why spikes under speakers???

could you guys educate me about the use or need for spikes under speakers, it seems to me that putting an air pocket under a speaker would be the last thing you want to do, isnt bas about pressure? and if you put a gap of air between speakers and floor arent you losing some of what makes bass work? I am not claiming this to be bad, I simply want to pose my questions about this concept and get educated on why this is a good idea, and when it may not be a good idea...thanks
First Law....You can't win.

Second Law...You can't break even.

Vibration must be converted to heat in some damping medium. If you "drain" vibration to the earth, you are contributing to global warming. Shame!
I have to stop you fellows.

Spikes "do not" drain anything. They simply act as mechanical couplers.

If a speaker is "reacting" to its drivers by vibrating, then the spikes will couple the cabinet with the larger mass (the floor) and reduce the reaction from the drivers, by adding that mass.

It is that simple. All this mumbo jumbo about shape of the cone, and metallurgy and such is "mish mash".

Spikes are NOT Drains, for they don't "drain" anything.

They simply make it more difficult for the drivers to have a reactive (force) effect on the cabinet.

These long thermodynamic answers are making me dizzy, their so full of mis-information and mis-interpretation.
Everybody can have it their own way.
I don't care anymore.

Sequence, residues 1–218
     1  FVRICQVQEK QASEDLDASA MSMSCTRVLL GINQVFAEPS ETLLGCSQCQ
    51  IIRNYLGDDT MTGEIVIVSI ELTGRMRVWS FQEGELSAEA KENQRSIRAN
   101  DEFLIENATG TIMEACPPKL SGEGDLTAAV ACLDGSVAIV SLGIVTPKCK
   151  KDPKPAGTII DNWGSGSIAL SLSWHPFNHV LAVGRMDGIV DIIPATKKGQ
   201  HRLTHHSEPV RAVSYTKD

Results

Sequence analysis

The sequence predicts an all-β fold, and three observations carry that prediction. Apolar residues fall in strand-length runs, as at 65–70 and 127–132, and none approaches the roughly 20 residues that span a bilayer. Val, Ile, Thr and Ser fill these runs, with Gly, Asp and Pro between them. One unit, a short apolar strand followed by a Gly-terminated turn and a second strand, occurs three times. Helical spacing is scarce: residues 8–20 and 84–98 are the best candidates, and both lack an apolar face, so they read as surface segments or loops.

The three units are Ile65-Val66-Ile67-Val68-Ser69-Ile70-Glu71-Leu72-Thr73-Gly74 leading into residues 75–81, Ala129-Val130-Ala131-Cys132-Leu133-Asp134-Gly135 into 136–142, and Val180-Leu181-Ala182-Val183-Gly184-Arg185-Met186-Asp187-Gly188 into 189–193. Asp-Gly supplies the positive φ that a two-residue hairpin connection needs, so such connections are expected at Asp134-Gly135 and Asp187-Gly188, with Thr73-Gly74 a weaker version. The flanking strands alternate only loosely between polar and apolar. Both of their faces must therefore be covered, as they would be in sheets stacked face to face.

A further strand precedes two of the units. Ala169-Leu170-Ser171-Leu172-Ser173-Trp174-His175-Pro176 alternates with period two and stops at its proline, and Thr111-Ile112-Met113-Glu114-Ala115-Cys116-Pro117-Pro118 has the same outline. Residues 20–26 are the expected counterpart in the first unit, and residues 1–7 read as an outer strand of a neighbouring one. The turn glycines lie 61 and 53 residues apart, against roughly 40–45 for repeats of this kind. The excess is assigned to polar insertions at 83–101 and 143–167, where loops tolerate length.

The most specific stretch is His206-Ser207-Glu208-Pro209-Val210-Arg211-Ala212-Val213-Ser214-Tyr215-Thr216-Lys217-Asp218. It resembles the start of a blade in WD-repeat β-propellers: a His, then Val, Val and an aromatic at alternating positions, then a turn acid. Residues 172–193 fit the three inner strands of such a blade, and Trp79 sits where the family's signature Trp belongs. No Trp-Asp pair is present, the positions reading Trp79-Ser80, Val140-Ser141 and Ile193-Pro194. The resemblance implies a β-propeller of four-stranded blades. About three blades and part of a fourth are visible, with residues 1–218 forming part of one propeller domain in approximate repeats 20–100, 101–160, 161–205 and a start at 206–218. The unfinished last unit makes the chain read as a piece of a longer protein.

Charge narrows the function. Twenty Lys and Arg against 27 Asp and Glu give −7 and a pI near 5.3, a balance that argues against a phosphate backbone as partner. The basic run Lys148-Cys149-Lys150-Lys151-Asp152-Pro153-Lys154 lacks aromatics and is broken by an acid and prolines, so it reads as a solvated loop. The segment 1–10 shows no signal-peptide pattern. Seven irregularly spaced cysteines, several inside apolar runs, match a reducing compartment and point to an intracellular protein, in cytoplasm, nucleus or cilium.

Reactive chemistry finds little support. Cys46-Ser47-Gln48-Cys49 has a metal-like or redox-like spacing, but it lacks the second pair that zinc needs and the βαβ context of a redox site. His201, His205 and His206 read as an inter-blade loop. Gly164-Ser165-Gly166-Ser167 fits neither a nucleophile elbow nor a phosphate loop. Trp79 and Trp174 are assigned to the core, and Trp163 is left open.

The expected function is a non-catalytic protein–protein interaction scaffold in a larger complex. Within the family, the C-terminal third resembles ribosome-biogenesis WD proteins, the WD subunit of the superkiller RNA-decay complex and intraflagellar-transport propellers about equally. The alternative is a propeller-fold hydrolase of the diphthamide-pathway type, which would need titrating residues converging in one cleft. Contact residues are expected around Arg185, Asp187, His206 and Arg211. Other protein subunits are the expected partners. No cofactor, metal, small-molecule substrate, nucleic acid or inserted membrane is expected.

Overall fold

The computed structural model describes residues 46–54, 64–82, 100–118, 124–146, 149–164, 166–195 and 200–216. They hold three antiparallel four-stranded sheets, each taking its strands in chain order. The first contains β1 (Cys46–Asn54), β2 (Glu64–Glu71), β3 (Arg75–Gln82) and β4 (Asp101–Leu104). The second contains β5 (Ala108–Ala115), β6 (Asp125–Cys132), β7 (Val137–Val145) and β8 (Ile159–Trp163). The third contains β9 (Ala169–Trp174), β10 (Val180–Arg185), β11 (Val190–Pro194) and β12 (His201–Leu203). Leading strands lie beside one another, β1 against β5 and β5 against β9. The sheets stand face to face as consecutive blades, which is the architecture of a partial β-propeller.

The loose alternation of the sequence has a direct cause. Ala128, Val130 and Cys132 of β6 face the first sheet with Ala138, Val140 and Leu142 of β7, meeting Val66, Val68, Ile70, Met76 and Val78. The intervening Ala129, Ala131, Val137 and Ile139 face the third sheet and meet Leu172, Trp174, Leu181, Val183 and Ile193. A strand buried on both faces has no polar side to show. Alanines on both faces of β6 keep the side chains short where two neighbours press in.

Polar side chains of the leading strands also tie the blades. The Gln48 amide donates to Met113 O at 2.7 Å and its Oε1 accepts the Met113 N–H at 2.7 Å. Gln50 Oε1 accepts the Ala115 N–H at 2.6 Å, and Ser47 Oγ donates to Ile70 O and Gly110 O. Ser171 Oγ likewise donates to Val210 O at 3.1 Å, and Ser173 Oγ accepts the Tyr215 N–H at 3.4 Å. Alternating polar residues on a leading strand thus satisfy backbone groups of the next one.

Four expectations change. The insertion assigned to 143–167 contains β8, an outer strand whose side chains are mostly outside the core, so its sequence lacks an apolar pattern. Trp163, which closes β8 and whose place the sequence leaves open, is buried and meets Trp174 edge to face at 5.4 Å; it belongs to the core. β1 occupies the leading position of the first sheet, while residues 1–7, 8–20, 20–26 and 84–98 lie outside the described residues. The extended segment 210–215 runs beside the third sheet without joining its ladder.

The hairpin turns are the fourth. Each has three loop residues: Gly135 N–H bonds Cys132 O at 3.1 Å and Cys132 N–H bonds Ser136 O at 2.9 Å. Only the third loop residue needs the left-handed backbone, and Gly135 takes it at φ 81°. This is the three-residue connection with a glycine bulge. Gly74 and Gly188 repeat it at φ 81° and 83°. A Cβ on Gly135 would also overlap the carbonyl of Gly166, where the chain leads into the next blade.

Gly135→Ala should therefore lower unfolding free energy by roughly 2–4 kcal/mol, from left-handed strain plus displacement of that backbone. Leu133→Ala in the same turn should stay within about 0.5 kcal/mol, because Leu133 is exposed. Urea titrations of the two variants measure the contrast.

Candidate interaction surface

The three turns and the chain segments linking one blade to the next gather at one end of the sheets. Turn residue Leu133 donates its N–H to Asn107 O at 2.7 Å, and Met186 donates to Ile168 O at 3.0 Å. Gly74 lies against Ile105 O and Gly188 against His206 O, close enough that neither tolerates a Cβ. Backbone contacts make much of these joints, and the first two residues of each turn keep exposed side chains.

Do your circle game and have fun.
I don't have any more discussion in me.
Good bye.
Ok, maybe 'drain' was the wrong word, 'transfer' might be more accurate. Please take a minute to consider this experience I had.
A friend had a TT that had three relatively flat aluminum cones that served as feet. The flat side makes contact with the flat bottom of the turntable. The turntable sits an a welded target stand. He put on a classical lp and during a loud passage that had a lot of bass the cartridge mistracked. He said, "that never happened before". I checked the cone footers and found that he had absentmindedly put them facing up, not down. We flipped them over and replayed the passage. Of course the tracking problems were gone. You could feel with your fingers a huge difference when you touched the TT base. We removed the cones and placed the TT on a folded over towel and tried it again. We could feel more vibration in the TT base than when the cones were under it (correctly).
This (unscientific) experiment suggests to me that the cones do more than isolate the TT base, they 'transfer' the 'airborn' vibration that the base was picking up from the music to the target stand. After seeing that the TT would mistrack when the cones were upside down, and not when the TT sat on a towel, it would be hard to argue that the cones were not 'transfering' energy from the stand to the TT base.
I dont understand why it is so hard to imagine that it is possible for vibration to be transfered from one object to another. If its just 'isolation' thats taking place, where does the energy go?
Hey TWL has left the game and thats a bad thing .... Eat beans and gather round the campfire and continue the storytelling..I'm leaving before the swamp gas rises anymore. Regards..the other Tom